“I WAS at Miami International Airport and in my bag there were enough drugs to kill an elephant and I didn’t have a clue whether they were legal or not. I was a walking junkie,” – Dwain Chambers.
Yes, this is the same walking junkie who pleaded for his drug shame to be forgotten after storming to victory in the 60m at the European Indoor Championships in Turin last week.
Chambers ran 6.46, just 0.04 slower than the new European record he set in the semi.
Overall Britain had to settle for a total of four medals, well short of the target of six set by UK Athletics head coach Charles van Commenee in his first event in charge and well adrift of the 10 won two years in Birmingham.
Mo Farah won gold in the 3,000m with the men’s and women’s 4x400m relay teams both winning silver, but as ever Chambers hogged headlines.
“I just hope people let the past be the past now,” said the man currently trying to promote an autobiography based on, well…, the past. “It’s gone on for far too long now. It’s good to get back on the rostrum again and start re-writing my name in the history books for the right reasons.”
Chambers is running faster now than when he was on drugs but insisted eyebrows should not be raised by his performances.
“If you run slow they say you’re rubbish. If you run fast they say you’re on stuff. It shouldn’t be like that. I’m not failing any drug tests. I’m doing it clean.”
Forgive us if we don’t take your word for it, Dwain.
• (FORMERLY) GREAT Britain showed what an absolute shambles they have become in the Davis Cup arena as an Andy Murray-less team suffered an embarrassing 4-1 defeat to the Ukraine in Glasgow before captain John Lloyd said he would allow the tartan twat to pick the surface for Britain’s next match in the hope of persuading the World No 4 to play.
Although we were assured Murray missed last weekend’s tie with a ‘virus’, the British hierarchy feel a need to do everything to persuade the sulky Scot to play a match he should be proud to be selected for.
The boorish baseliner inevitably took his place in the draw for the BNP Paripas Open in Indian Wells, forcing Lloyd to make the nightmare journey to sun-kissed California (where they clearly don’t have phones) to meet Murray to discuss September’s tie with Poland.
If Murray does not feature in the next tie there is every chance that Britain will find themselves in Group Two of the Euro-African Zone, the competition’s third division, for the first time in 13 years.
There is every reason to have sleepless nights with the leading Polish singles player Lukasz Kubot ranked 182. They also have the twin threat of doubles players Marcin Matkowski and Mariusz Fyrstenberg.
Be afraid, be very afraid.
• IN the part of the tournament reserved for able-bodied grown-ups, Rafael Nadal crushed Serb Novak Djokovic to help send holders Spain into a home last eight clash with Germany, who beat Austria.
Czech Republic upset the much-fancied French and will meet Argentina, who whitewashed the Netherlands. In the other ties, Croatia will host USA and Russia travel to Sweden’s conquerors Israel.
• SOUTH Korean Y.E. Yang made a great Korea move by winning the Honda Classic in Florida by one stroke from American John Rollins to become only the second Korean to win an American tour event.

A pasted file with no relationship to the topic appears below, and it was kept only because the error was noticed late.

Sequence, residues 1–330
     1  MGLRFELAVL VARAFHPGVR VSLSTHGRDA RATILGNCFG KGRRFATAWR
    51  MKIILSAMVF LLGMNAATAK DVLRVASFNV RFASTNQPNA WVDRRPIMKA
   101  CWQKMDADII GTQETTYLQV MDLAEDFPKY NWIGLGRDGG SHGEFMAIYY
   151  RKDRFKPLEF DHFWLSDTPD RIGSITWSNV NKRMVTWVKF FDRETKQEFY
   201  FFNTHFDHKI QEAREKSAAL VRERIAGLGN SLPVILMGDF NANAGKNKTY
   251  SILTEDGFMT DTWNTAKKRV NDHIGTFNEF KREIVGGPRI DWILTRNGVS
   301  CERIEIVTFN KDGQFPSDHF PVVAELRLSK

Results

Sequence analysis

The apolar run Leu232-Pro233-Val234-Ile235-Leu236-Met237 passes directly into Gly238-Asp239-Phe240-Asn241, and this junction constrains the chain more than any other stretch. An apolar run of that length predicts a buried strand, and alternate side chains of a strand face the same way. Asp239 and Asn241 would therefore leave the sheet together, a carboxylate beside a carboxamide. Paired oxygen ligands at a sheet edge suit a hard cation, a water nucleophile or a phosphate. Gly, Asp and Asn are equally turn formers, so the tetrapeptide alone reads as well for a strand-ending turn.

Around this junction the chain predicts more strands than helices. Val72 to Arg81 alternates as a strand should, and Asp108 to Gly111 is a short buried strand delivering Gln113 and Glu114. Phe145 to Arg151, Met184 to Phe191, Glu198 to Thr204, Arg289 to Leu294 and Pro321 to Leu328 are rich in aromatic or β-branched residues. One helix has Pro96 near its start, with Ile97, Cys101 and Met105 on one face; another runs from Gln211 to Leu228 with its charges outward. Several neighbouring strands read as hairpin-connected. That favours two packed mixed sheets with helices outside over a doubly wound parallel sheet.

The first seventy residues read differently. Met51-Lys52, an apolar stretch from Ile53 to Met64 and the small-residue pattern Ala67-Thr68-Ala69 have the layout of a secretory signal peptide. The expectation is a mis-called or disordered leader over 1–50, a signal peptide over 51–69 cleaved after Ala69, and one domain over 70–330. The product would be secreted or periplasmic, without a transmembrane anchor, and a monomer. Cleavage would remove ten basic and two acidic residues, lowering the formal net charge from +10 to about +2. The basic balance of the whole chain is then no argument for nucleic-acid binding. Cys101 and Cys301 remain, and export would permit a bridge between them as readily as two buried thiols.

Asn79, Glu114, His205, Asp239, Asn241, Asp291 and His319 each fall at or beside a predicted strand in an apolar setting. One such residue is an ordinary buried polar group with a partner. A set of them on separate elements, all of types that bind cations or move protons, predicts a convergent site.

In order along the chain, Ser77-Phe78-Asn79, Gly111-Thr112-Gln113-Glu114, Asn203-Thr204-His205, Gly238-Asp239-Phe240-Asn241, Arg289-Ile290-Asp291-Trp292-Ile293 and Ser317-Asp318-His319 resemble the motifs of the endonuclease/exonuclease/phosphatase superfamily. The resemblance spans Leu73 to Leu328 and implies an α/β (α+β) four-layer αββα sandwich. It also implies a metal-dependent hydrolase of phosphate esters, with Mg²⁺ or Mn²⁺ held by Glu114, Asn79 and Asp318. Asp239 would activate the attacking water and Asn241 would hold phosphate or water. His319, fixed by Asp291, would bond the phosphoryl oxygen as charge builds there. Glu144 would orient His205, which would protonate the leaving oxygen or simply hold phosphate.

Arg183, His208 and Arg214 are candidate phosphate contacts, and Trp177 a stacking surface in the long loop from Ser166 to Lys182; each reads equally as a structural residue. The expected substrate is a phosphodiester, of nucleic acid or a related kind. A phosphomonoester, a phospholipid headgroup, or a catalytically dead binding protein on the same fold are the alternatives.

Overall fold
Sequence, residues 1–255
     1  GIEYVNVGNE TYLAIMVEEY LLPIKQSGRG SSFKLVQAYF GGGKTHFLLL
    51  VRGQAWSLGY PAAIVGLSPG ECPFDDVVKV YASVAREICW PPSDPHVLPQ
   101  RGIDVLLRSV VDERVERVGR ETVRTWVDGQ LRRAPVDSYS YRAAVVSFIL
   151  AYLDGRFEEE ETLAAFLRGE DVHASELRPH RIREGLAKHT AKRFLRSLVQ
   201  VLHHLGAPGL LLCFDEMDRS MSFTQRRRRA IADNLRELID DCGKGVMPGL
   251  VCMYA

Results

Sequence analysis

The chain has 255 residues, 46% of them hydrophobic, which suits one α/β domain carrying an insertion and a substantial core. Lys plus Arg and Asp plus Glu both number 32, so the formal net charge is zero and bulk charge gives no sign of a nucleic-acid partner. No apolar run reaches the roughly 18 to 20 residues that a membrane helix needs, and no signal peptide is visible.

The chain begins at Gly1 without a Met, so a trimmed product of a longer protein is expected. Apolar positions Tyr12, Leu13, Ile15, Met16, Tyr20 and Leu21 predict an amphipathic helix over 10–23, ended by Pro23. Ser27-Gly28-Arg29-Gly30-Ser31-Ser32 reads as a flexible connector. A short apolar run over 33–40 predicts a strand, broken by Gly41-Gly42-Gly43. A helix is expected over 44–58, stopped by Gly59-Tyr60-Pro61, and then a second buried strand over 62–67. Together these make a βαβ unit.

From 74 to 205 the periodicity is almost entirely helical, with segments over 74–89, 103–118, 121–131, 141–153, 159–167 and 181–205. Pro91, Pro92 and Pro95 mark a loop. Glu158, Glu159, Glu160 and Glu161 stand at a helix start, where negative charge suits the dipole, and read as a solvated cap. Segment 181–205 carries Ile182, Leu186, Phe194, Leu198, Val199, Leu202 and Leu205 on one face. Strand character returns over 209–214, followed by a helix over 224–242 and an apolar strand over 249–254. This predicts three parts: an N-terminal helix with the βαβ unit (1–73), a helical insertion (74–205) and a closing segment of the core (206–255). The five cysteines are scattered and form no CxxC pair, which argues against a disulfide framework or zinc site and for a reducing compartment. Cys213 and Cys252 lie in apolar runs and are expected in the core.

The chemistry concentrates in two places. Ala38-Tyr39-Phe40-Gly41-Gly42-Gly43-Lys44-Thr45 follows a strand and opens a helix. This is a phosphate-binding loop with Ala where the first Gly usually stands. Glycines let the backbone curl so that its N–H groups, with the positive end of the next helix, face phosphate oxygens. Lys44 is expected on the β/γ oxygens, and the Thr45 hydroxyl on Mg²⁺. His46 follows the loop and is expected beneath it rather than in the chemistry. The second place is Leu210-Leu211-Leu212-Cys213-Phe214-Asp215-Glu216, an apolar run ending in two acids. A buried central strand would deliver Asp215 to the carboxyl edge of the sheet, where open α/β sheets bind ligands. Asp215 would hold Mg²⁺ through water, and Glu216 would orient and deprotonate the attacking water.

Yang held his nerve to two-putt from 50-ft at the last for a final-round 68 that left him nine-under. England’s Greg Owen sank six birdies as he finished alongside Rory McIlroy and Sergio Garcia on -2.
• EMOTIONAL sap Jenson Button voiced his fears of being lost to F1 and left with an empty life before the doomed Honda team were saved.
After taking a 50 per cent pay cut, panic Button (right) was quickest on his first morning of testing in Barcelona in the new Brawn GP car.
Button said: “I’m here to race. What would I do sat at home? There’s nothing there for me. I’m 29 years old, still a kid in my eyes, and I’ve still a lot to prove in F1.”
Well, couldn’t you just stay at home shagging supermodels?
WILT ‘The Stilt’ Chamberlain – the 7’1″, two-time NBA winner – is regarded as one of the greatest basketball players ever due to his heroics with Philadephia and LA Lakers – and also happens to be the world’s greatest shagger.
Wilt was named MVP for the regular season four times and was the man of the 1972 finals. The center also set records for scoring and rebounding, was the first to average over 50 points in a season and score 100 points in a single NBA game.
Chamberlain was also the game’s first big earner, becoming the first man to earn more than $100K a year, and earning an unprecedented $1.5m during his later years in LA.
This shocked those who met Wilt as a youngster who thought basketball was “for sissies”.
As a nervous, sensitive kid, he felt freakish because of his height and his stutter and left high school a virgin. But the ‘Big Dipper’ made up for lost time.
As lawyer Seymour Goldberg put it: “Some people collect stamps, Wilt collected women.”
He became more famous for his exploits in bed than on court. Friends say he once had 23 women in 10 days and the lifelong bachelor claimed he had sex with 20,000 women in 1991 book ‘A View From Above’.
For this to be true, he would have had to have sex with 1.14 women per day from the age of 15 – almost eight girls a week.
Tough work, but someone’s got to do it. No wonder he died of heart failure.